PIB Fact Check called the information shared in Hindi daily that continuous use of sanitizer for 50-60 days can lead to harmful skin disease & cancer, false.
In the backdrop of coronavirus pandemic, a number of safety and hygiene measures have been issued by governments all over the world and washing hands with soap and the use of sanitizer are two of those measures. Amid this, an image of a Hindi news report surfaced on social media with a headline suggesting that research has revealed that continuous use of sanitizer for 50 to 60 days increases the risk of cancerous skin disease.
A Twitter user shared the image saying, "50 to 60 days of continuous use of sanitizer, risk of cancer-skin disease: Research."
We also received a request to check the veracity of the news report.
In this image, one can see the named of Hindi news daily "Dainik Bhaskar" and according to the image, this report was published on May 20.
The truth behind the claim
With the help of a reverse image, we found that this report was indeed published by Dainik Bhaskar. The same report was also published on its website.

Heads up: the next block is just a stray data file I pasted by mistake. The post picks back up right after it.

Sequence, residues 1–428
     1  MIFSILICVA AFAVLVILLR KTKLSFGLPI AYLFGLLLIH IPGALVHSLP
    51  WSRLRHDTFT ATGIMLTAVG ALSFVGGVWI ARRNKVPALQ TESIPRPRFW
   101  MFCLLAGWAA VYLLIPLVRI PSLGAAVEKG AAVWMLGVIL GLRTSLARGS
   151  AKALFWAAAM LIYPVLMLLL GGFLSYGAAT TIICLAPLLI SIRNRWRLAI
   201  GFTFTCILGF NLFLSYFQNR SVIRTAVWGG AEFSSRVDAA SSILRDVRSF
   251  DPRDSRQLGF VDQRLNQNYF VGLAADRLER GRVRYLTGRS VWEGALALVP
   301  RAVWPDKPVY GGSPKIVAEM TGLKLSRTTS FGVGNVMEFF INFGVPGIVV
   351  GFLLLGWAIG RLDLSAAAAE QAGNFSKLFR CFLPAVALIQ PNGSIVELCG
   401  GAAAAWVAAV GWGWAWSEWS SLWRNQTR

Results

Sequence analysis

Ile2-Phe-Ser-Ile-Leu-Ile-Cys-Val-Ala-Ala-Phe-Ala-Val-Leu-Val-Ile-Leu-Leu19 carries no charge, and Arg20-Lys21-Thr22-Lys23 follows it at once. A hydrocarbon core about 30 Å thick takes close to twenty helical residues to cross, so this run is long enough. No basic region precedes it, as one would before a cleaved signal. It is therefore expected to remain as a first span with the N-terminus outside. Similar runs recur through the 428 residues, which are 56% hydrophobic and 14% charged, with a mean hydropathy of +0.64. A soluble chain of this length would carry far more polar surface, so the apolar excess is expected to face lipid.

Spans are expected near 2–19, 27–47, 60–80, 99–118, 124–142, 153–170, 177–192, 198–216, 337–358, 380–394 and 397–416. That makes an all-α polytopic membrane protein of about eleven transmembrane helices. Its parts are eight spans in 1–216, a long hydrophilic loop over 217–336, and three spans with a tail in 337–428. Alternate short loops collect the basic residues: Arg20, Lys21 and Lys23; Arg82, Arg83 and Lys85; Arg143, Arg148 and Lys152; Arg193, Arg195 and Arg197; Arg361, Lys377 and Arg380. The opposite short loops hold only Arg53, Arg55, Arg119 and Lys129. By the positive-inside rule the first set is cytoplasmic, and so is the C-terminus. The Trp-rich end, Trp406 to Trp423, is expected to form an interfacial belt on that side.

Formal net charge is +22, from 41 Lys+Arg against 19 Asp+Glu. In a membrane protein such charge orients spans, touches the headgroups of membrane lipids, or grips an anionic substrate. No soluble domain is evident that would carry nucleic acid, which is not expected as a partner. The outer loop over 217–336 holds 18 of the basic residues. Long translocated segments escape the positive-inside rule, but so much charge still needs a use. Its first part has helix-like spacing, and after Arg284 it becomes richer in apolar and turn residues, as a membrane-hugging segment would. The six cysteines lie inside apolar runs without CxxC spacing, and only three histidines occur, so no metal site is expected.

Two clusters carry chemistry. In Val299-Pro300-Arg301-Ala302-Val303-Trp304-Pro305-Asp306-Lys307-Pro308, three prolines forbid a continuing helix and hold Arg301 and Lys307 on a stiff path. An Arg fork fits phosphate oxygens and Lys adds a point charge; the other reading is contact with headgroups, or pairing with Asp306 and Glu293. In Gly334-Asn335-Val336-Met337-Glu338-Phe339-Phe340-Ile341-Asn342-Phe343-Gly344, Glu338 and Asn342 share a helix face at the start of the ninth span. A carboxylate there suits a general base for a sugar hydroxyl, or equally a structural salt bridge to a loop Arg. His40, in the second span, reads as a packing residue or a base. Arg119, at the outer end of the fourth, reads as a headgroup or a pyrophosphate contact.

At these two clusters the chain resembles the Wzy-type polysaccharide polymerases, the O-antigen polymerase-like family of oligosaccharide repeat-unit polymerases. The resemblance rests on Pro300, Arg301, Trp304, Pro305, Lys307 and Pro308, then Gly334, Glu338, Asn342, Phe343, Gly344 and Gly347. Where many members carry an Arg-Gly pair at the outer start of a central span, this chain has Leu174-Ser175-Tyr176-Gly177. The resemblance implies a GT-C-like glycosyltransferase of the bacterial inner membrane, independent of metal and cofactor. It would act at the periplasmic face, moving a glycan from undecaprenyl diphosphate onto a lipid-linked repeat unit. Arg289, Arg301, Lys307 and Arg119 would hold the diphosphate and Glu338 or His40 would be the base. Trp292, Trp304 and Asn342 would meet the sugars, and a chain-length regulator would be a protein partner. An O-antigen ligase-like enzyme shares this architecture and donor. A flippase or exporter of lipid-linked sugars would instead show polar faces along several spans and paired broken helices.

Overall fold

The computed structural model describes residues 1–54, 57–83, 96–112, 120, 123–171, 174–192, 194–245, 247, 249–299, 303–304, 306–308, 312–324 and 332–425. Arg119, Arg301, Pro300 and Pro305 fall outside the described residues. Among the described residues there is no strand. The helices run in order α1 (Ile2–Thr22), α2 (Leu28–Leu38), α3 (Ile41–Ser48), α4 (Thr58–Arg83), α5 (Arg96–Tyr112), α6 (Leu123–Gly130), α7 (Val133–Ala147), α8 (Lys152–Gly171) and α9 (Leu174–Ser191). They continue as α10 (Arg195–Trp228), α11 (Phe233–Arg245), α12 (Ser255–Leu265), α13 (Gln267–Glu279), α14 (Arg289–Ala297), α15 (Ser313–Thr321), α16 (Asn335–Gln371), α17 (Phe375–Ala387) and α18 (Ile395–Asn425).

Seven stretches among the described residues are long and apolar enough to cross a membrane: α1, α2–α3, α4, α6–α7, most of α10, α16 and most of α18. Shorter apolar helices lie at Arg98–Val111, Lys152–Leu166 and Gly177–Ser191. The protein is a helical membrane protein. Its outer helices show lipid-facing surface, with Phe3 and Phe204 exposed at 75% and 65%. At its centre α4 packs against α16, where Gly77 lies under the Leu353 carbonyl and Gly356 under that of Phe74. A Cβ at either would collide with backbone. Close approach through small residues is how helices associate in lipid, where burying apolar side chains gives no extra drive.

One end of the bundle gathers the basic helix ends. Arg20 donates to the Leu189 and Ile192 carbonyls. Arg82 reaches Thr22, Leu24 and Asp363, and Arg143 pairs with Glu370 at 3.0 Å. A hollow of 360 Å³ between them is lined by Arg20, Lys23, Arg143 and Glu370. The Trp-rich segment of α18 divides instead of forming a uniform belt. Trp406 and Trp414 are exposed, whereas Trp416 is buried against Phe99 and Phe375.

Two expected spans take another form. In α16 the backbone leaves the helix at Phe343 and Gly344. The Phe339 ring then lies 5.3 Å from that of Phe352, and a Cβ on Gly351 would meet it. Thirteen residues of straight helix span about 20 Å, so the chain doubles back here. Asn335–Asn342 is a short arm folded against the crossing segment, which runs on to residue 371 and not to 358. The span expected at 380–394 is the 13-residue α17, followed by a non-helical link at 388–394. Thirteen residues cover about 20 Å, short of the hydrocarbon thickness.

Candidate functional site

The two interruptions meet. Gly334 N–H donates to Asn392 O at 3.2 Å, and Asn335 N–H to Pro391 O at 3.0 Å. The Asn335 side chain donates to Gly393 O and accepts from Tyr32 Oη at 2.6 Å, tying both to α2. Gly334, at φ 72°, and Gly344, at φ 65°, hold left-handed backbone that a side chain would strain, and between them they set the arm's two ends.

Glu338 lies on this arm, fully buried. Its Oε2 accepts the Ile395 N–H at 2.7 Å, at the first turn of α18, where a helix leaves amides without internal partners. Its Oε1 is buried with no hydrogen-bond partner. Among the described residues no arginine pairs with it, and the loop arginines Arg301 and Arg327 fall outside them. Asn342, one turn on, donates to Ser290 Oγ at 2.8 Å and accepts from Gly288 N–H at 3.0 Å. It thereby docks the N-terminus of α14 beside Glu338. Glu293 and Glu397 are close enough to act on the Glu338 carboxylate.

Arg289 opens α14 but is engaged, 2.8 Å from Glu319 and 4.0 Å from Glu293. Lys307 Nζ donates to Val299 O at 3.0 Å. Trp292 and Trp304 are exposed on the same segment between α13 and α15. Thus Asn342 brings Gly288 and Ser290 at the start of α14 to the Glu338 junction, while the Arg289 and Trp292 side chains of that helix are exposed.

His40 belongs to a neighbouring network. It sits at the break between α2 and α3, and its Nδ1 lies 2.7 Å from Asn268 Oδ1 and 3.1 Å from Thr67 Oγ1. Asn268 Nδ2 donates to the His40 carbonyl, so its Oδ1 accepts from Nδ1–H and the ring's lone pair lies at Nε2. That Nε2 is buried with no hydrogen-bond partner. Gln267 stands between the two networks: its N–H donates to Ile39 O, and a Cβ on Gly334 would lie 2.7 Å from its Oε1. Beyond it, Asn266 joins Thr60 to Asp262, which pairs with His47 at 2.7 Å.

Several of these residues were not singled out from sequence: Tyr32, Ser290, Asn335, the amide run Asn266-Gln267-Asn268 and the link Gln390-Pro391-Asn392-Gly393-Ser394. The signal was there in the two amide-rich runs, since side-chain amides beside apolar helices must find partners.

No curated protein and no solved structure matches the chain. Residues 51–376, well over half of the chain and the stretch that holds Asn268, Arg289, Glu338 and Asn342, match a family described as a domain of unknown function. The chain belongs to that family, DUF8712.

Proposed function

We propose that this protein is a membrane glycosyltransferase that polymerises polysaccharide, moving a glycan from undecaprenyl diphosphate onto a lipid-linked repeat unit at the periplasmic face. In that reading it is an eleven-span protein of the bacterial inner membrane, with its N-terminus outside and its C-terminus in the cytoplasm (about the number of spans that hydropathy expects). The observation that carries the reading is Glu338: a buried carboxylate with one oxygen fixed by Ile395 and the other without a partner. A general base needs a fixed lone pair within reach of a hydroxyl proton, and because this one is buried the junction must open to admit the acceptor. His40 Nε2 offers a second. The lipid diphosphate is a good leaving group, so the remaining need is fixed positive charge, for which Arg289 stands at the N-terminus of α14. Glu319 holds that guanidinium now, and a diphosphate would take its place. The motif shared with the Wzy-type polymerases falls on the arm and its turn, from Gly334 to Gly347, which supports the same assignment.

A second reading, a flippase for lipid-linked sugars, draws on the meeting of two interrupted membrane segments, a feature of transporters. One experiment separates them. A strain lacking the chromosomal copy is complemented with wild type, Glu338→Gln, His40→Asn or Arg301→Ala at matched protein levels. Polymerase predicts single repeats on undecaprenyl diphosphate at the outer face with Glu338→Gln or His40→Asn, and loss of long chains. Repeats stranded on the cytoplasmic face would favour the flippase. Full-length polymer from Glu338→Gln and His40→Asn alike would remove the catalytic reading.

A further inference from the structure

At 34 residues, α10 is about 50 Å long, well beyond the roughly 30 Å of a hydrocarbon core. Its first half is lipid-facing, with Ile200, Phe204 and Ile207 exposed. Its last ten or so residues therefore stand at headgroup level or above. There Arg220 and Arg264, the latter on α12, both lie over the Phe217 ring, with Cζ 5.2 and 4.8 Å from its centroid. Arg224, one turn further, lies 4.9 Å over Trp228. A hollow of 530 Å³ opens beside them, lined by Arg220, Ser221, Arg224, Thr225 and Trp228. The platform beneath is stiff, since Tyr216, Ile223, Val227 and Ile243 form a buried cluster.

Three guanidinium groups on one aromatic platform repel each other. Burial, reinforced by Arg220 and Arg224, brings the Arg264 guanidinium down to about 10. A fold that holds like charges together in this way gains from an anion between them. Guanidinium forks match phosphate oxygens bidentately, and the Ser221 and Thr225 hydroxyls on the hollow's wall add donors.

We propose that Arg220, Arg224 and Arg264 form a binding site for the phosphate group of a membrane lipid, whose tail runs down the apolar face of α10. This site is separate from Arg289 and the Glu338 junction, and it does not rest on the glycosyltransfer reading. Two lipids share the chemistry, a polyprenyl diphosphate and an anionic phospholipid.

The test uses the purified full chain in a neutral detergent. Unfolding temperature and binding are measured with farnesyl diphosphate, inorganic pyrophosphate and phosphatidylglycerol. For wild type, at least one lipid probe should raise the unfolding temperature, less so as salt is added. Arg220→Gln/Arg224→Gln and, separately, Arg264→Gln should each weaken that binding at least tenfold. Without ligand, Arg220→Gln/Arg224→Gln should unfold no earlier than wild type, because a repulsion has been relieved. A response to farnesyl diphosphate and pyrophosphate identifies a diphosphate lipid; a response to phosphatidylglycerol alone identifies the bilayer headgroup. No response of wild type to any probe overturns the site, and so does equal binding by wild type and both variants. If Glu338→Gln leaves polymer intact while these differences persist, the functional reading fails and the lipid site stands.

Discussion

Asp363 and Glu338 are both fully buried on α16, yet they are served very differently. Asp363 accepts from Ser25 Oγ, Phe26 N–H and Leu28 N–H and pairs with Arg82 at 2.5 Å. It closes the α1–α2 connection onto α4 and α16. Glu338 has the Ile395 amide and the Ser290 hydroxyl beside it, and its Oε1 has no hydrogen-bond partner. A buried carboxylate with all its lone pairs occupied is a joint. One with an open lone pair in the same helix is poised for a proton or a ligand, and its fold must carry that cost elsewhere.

According to this report, Dr. Vinayak Tomar's research paper published in Internation Journal Boisar on May 8 has revealed that few chemicals used in sanitizers can prove to be very harmful to the human body.
However, the Press Information Bureau's fact-checking arm called this information false. PIB Fact Check wrote, "Claim: A newspaper report states that continuous use of sanitizer for 50-60 days can lead to harmful skin disease & cancer This information is false. The use of hand sanitizers does not harm humans. Hand sanitizers with 70% alcohol content are recommended for protection against Covid19."
A Times of India published on May 7 also talked about the effects of using sanitizer regularly, however, there was no mention of increased risk of skin cancer in this report.
In conclusion, PIB Fact Check called the information shared in Hindi daily that continuous use of sanitizer for 50-60 days can lead to harmful skin disease & cancer, false.
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